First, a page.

expires 365d;

location ~* \.(pdf|css|html|js|swf)$ {
expires 2d;

Adding Cache-Control Headers in Apache

You can add Cache-Control headers in Apache by adding the following to your .htaccess file.

<filesMatch ".(ico|pdf|flv|jpg|jpeg|png|gif|js|css|swf)$">
Header set Cache-Control "max-age=604800, public"

Adding Expires Headers in Apache

You can add Expires headers in Apache by adding the following to your .htaccess file.

<IfModule mod_expires.c>
ExpiresActive On
ExpiresByType image/jpg "access 1 year"
ExpiresByType image/jpeg "access 1 year"
ExpiresByType image/gif "access 1 year"
ExpiresByType image/png "access 1 year"
ExpiresByType text/css "access 1 month"
ExpiresByType application/pdf "access 1 month"
ExpiresByType application/javascript "access 1 month"
ExpiresByType application/x-javascript "access 1 month"
ExpiresByType application/x-shockwave-flash "access 1 month"
ExpiresByType image/x-icon "access 1 year"
ExpiresDefault "access 2 days"

Remember we enabled Gzip compression earlier? Below is what our .htaccess file below now looks like after also adding the expires headers. We simply place it below the compression block.


We run our test site through Google PageSpeed Insights again and now under the Leverage browser caching warning we are only left with one thing, and that is our Google Analytic’s script. This is kind of ironic seeing as this is Google’s own script. The issue is that they set a low 2 hour cache time on their asset, as seen in the screenshot below. They most likely do this because if for some reason they were to modify something on there end they want all users to get the changes as fast as possible.  However there is a way to get around this, and that is by hosting Google Analytics script locally. Please be aware though that this is not supported by Google.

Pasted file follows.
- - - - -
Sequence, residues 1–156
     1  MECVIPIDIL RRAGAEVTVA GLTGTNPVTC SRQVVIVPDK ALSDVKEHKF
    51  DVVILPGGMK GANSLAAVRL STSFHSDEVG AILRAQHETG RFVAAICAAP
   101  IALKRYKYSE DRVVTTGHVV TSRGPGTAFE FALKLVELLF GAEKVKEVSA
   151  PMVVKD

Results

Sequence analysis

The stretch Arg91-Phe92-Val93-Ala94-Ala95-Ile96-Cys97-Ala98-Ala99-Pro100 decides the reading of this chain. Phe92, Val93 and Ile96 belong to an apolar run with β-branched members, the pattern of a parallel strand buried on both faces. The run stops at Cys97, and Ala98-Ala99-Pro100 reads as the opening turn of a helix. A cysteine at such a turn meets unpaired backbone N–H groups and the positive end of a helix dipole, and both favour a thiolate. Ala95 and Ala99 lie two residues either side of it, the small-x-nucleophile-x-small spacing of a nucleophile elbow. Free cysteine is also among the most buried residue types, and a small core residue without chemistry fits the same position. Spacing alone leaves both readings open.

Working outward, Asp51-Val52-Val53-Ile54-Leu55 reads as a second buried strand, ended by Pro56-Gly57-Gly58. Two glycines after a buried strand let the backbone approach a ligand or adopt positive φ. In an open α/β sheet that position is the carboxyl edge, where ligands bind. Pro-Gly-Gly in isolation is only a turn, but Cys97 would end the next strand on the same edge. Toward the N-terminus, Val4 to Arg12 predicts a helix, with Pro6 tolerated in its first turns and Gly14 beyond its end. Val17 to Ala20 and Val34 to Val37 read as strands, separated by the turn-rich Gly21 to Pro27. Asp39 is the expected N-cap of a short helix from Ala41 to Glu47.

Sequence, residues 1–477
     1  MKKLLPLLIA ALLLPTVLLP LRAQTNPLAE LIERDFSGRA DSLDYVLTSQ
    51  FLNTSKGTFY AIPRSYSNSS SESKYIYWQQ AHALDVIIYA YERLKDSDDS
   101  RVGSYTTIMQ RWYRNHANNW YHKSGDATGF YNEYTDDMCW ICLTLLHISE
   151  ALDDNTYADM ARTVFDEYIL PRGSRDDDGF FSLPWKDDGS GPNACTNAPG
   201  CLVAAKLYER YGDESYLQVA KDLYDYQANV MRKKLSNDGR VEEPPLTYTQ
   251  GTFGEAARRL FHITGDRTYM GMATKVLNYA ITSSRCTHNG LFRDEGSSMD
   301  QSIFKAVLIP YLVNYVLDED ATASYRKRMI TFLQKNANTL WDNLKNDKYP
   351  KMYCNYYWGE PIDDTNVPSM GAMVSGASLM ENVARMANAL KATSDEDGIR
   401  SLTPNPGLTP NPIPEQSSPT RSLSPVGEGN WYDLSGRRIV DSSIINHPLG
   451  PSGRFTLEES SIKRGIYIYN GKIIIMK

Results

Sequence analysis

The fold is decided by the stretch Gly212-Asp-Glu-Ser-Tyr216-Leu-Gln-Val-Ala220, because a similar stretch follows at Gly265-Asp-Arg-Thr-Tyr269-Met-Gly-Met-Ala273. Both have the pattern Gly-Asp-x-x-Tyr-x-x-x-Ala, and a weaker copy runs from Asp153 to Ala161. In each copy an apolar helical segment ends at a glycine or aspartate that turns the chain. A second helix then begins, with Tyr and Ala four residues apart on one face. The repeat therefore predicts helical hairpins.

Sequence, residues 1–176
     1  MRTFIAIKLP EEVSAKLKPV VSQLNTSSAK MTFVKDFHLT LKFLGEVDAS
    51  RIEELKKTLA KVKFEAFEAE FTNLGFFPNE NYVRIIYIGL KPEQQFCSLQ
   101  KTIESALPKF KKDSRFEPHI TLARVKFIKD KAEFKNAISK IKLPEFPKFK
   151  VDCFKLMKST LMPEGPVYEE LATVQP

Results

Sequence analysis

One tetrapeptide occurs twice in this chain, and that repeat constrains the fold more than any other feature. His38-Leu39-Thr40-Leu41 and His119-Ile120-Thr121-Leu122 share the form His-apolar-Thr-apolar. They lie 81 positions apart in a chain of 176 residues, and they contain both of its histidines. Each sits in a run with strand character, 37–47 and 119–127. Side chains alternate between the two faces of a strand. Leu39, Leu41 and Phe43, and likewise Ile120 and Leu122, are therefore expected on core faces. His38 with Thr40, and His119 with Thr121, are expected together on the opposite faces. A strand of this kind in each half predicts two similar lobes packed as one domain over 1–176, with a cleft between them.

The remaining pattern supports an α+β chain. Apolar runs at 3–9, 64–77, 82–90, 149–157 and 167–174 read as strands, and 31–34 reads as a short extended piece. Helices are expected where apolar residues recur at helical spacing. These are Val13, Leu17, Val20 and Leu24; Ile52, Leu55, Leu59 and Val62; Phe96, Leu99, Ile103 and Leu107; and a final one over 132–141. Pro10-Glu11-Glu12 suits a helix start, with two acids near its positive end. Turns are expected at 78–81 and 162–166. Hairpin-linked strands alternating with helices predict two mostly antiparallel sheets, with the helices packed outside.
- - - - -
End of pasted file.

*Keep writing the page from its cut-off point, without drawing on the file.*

There is a great free little plugin called Complete Analytics Optimization Suite,  which allows you to host Google Analytics locally on your WordPress website.


You can download Complete Analytics Optimization Suite from the WordPress repository or by searching for it under “Add New” plugins in your WordPress dashboard. As of writing this the plugin currently has 1,000+ active installs with a 5 out of 5-star rating. The plugin allows you to host your Google Analytics JavaScript file (analytics.js) locally and keep it updated using wp_cron(). Other features include being able to easily anonymize the IP address of your visitors, set an adjusted bounce rate, and placement of the script (header or footer).

Just install the plugin, enter your Google Analytics Tracking ID, and the plugin adds the necessary tracking code for Google Analytics to your WordPress website, downloads and saves the analytics.js file to your server and keeps it updated using a scheduled script in wp_cron(). We recommend also setting it to load in the footer. Note: This plugin won’t work with other Google Analytics WordPress plugins.


If we run our site through Google PageSpeed Insights again we can see that the Leverage browser caching warning is now completely gone! And we have raised our desktop score from 92/100 to 97/100 and our mobile score from 89/100 to 96/100. So close we can almost taste it.


Reduce server response time

The next Google PageSpeed Insights recommendation that we need to fix is the Reduce server response time warning. The one and the only reason this is happening is because we are on a slow budget shared hosting plan. The server is not fast and Google knows it. So to fix this we need to implement some type of caching to speed things up. There are a lot of great caching plugins out there. In our example, we are going to be using the free Cache Enabler plugin from the team over at KeyCDN.

As of writing, this Cache Enabler has 10,000+ active installs with a 4.6 out of 5-star rating. It is a lightweight caching plugin for WordPress that makes your website faster by generating static HTML files plus WebP support. There are no settings to enable, simply install and your good to go. This plugin is fully compatible with the Async JavaScript and Autoptimize plugins that were used earlier. If you want even more speed though we do recommend also adding the advanced snippet to bypass PHP.

If we run our site through Google PageSpeed Insights again we can see that the Reduce server response time is now completely gone! And we have raised our desktop score from 97/100 to 99/100 and our mobile score from 96/100 to 99/100. We are about to cross the finish line.


Minify JavaScript

The last Google PageSpeed Insights recommendation that we need to fix is the Minify JavaScript warning.